When it comes to helping people continue to learn after high school and earn credentials for career success, what can we learn from the military? As it turns out, a great deal.
A new report shows some important lessons from the military but also raises questions when it comes to the education and training of our nation’s veterans.
Lumina, Strada Education Network, and Gallup researched the experiences of veterans who hold certificates or certifications, but not college degrees. The study, which surveyed 340,000 U.S. adults, including 30,000 veterans, found:
As the data reveal, while many veterans prosper in the civilian world, there are still many who find that their skills and training don’t easily translate to civilian credentials and careers. As a result, many of them are forced to retrain, re-qualify or start over because the civilian and military systems don’t speak a common language when it comes to skills. It is this disconnect we need to address to push toward increasing the number of service members and veterans who attain valuable credentials beyond high school.
Here are a few steps that employers and educators can take to help veterans select pathways to credentials:
We must work with the military and post-high school credential providers to use more common language to describe skills. Military education and training produce knowledge and skills that cut across a variety of credentialing opportunities.
With that in mind, credential providers should partner with the military to build pathways connecting military skills with in-demand credentials. For instance, pathway partnerships between military service branches and postsecondary education and training providers already exist. Through the work of The American Legion Military Credentialing Advisory Roundtable, this group of experts will uncover strong working models of public/private collaborations that can then be replicated across a variety of industries and institutions.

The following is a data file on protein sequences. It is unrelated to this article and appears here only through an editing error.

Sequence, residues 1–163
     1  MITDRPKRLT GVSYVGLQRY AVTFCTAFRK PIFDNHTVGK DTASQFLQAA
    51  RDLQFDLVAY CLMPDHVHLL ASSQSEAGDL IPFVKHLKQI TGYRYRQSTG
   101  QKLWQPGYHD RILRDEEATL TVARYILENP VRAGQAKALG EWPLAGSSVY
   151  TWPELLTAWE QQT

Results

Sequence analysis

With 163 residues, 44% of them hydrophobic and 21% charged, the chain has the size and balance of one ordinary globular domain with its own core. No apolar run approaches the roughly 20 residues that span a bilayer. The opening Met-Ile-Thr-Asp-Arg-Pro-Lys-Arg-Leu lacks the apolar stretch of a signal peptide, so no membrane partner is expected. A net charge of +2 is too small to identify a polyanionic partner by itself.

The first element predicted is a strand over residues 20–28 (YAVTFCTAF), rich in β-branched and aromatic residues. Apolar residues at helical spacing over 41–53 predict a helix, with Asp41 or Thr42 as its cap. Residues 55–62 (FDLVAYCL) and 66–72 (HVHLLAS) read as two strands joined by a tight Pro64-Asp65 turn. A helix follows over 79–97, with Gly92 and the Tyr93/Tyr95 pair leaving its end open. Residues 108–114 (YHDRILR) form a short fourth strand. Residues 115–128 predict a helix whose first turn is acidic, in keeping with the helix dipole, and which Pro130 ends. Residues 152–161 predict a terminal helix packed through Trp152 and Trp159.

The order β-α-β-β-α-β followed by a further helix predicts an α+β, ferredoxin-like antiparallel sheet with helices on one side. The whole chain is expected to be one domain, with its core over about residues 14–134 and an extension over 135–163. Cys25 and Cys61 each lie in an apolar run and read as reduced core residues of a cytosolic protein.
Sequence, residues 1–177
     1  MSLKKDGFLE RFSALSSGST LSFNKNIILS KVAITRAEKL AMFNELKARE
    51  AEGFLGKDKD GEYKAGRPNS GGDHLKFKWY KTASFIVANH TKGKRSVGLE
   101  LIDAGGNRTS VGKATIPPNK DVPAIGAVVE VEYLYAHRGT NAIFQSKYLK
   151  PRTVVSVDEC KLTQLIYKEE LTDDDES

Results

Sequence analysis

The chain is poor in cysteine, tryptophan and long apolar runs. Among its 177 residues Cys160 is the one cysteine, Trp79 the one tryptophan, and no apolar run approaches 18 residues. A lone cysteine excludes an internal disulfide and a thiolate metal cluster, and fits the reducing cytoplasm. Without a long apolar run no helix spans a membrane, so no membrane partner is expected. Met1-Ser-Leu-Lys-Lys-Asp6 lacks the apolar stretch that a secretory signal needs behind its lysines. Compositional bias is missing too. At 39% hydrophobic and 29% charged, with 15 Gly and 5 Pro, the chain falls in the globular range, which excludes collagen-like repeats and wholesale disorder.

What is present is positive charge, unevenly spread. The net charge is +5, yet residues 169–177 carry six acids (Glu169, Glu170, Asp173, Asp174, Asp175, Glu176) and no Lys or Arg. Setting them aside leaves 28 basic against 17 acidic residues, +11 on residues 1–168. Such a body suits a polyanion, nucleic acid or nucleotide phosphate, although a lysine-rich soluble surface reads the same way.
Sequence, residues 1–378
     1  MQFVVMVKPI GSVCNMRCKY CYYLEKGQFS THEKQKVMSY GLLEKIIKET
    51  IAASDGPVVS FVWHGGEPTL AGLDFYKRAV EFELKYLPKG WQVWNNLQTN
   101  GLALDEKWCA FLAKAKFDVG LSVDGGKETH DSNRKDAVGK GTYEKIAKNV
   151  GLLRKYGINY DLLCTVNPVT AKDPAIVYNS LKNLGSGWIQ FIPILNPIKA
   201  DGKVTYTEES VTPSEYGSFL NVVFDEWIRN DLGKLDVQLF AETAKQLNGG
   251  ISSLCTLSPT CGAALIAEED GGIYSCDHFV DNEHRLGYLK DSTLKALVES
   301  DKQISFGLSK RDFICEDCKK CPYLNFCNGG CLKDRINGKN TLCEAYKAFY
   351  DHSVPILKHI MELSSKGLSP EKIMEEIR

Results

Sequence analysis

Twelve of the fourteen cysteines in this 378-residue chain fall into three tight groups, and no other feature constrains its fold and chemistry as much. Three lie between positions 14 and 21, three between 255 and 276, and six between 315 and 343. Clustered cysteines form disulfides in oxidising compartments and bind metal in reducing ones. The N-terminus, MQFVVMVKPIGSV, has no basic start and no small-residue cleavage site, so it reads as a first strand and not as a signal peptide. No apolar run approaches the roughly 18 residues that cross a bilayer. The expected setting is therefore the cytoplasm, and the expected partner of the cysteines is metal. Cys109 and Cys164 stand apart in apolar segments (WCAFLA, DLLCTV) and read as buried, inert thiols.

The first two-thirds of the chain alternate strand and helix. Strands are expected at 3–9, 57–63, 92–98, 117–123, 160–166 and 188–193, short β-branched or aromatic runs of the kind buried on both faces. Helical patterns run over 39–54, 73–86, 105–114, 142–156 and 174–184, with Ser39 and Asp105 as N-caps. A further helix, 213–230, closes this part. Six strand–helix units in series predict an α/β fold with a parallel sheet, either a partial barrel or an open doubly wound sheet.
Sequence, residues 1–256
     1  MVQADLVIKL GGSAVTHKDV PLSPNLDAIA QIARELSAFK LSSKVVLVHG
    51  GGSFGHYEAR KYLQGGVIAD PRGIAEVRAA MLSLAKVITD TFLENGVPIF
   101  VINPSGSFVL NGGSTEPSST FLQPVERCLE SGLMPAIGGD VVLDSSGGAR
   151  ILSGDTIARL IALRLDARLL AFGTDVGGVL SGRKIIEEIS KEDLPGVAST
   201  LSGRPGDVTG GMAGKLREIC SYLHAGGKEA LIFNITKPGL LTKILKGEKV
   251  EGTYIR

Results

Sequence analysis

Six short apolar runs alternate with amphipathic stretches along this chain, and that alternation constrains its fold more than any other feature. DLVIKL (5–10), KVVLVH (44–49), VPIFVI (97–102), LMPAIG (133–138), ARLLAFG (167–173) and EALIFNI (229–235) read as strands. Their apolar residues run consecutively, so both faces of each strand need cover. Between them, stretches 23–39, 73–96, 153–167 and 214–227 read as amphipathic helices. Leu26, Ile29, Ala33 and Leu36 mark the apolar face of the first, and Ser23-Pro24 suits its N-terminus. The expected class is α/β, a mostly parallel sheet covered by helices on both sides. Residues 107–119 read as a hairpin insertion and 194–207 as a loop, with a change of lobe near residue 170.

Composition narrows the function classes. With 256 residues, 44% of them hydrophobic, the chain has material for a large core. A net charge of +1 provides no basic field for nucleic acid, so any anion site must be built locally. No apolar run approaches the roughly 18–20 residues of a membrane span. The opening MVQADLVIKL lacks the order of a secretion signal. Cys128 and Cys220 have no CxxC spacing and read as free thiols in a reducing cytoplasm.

Clearly, we have more work to do. Service members and veterans are a rich source of talent, leadership, experience, and expertise; they’re a vital part of today’s workforce. The post-high school ecosystem is working to increase the number and types of pathways learners can pursue, and we must build credentialing opportunities that allow for those credentials to be easily recognized, stacked, and transferred.
We at Lumina are committed to working with the military, policymakers, veteran service organizations, schools, employers, foundations, and communities to support recognition of military training and create effective, connected pathways for veterans. Together, we will help them keep learning and earning – in the military and beyond.Back to News